Simonini corresponds to what Eco once described as the “naive reader,” who uses a written work as a relatively simple device to find meaning and thus falls victim to “the strategies of the author who will lead him little by little along a series of previsions and expectations.” A forger and a plagiarist must be the author of the Protocols, in other words—a fictional character who moves among historical figures—because no single individual wrote the book or could have written it. An entire historical era was required: an era of instability and revolutionary ferment, a style of political thinking that preferred hidden, nefarious enemies to good-faith public opponents, and a literary market in which a special kind of popular fiction known as the roman-feuilleton (the novel published serially in partisan French newspapers) served as the press attaché to political ideology.

The best parts of The Prague Cemetery are full of engrossing information about 19th-century European culture and politics, especially literary life in fin-de-siècle Paris. Eco excels at rescuing obscure figures such as the anticlerical polemicist Léo Taxil and the anti-Semitic journalist Édouard Drumont from oblivion and showing how much of their literary careers—and the political controversies they engaged in—were determined by economic opportunities. The “only philosophical principle” to which the age’s literary men adhered was pecunia non olet (“money does not smell”).

The heady days of the Paris Commune, which would prove so enduring in Marxist thought; the fetid swamps of anti-Masonry, which have been so thoroughly drained that only the most serious students of European intellectual history know anything about them; the manufacture of 19th-century explosives; even the cuisine of contemporary Paris, which Simonini dwells on because it is his only passion outside of anti-Semitism—all these come alive in Eco’s pages. The Prague Cemetery is a reminder that Eco, the author of books on Thomas Aquinas, James Joyce, medieval aesthetics, and the philosophy of language, is as likely to present his research findings in a novel as in a series of lectures.

But, alas, Eco is not really much of a novelist, at least not in The Prague Cemetery. The most common word in the book might be next. Simonini finds himself deep in conversation with a historical figure who supplies him with one piece of the anti-Semitic puzzle. Next he seeks out another man, who supplies him with another piece—at some discursive length. (The form of the novel uncomfortably begins to mirror the Protocols: a cycle of set speeches with noisy narrative machinery to get from one to another.) The fact that Simonini is such a repellent character, as Eco admits in an afterword, is a lesser problem than he thinks. The real problem is that Eco has forgotten the first requirement of narrative fiction, as he himself explained it in an interview several years ago:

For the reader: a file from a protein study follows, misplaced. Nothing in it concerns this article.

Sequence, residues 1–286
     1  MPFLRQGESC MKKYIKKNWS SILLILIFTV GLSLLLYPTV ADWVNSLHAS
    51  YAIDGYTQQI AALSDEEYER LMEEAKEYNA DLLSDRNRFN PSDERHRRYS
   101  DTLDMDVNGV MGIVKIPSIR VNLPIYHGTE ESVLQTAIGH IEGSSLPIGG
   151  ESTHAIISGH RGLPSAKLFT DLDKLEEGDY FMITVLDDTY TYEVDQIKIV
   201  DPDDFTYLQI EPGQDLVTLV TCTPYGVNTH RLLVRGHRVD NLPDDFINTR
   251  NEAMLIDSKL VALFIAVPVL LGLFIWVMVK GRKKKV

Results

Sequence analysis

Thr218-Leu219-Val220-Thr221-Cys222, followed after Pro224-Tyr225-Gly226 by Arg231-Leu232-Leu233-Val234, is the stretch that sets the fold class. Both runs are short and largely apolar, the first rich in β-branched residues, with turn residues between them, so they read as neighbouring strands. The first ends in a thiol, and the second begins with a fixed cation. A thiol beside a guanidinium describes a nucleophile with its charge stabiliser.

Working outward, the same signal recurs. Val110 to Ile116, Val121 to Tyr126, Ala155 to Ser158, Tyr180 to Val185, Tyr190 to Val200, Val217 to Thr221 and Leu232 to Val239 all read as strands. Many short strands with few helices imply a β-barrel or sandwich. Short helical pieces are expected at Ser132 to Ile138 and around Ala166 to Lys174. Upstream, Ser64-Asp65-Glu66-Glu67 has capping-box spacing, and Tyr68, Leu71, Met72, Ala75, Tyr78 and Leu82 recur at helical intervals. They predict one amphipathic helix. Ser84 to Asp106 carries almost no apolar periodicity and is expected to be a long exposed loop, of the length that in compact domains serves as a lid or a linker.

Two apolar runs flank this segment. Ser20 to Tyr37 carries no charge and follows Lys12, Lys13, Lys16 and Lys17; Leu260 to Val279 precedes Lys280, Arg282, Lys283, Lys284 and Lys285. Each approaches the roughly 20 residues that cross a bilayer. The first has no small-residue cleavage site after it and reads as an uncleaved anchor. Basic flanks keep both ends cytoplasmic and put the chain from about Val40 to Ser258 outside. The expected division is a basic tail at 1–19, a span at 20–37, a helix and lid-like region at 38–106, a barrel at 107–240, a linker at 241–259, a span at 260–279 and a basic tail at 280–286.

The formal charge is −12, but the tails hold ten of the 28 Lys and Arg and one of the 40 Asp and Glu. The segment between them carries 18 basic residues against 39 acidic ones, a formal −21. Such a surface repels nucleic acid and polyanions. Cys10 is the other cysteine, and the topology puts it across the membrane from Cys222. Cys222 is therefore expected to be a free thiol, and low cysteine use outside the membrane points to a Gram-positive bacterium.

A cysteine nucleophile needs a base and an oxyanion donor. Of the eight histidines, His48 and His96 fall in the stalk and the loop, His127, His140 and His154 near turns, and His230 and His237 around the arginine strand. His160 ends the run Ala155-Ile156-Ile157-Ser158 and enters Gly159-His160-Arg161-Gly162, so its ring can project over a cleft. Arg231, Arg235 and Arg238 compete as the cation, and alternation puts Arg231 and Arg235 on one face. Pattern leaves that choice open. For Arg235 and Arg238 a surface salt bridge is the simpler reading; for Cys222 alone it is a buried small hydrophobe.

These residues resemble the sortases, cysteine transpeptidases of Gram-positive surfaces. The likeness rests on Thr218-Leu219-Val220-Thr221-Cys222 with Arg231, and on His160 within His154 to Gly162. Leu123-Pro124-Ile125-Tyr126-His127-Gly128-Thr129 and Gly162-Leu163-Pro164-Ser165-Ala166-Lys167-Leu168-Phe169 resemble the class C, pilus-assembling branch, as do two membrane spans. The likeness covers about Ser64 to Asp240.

The principal requirement of narration is that the plot offer alternatives with a certain frequency, and these alternatives cannot be predetermined. The reader must not know exactly what decision a character will make.

But neither Simonini nor anyone else in The Prague Cemetery faces any decisions that could have gone the other way. There is, as a consequence, nothing for the reader to identify with. There are speeches to follow and arguments to unwrap, but no moral choices to agree or disagree with.

The conclusion difficult to avoid is that The Prague Cemetery would have been more successful as a literary history of anti-Semitism. Philosophically, as Eco demonstrates, anti-Semitism derives from conspiracy-theorizing, the search for what his protagonist calls the Universal Form of Conspiracy. Historically, it springs from the currents of hatred, suspicion, and antagonism that swirled around France after the Revolution. Its themes and images borrowed from (or contributed to) anti-Masonry and anticlericalism. To have established these two points would have been more than enough for a great book.

And perhaps one thing further: Eco hints (but never says outright) that all antagonistic and oppositional politics, even in more respectable versions like anti-fascism and anti-Communism, tend toward conspiracy theories. Nowhere is this truer than in the anti-Zionism of our own day. The Prague Cemetery might have eloquently shown how the conspiracy-minded anti-Semitism of the late 19th and early 20th centuries was easily converted into the anti-Zionism of the late 20th and early 21st centuries, but Umberto Eco has a different—and, ultimately, less compelling—story to tell.

About the Author

D.G. Myers, literary historian at the Melton Center for Jewish Studies at Ohio State University, writes our fiction chronicle and is the author of our Literary Commentary blog.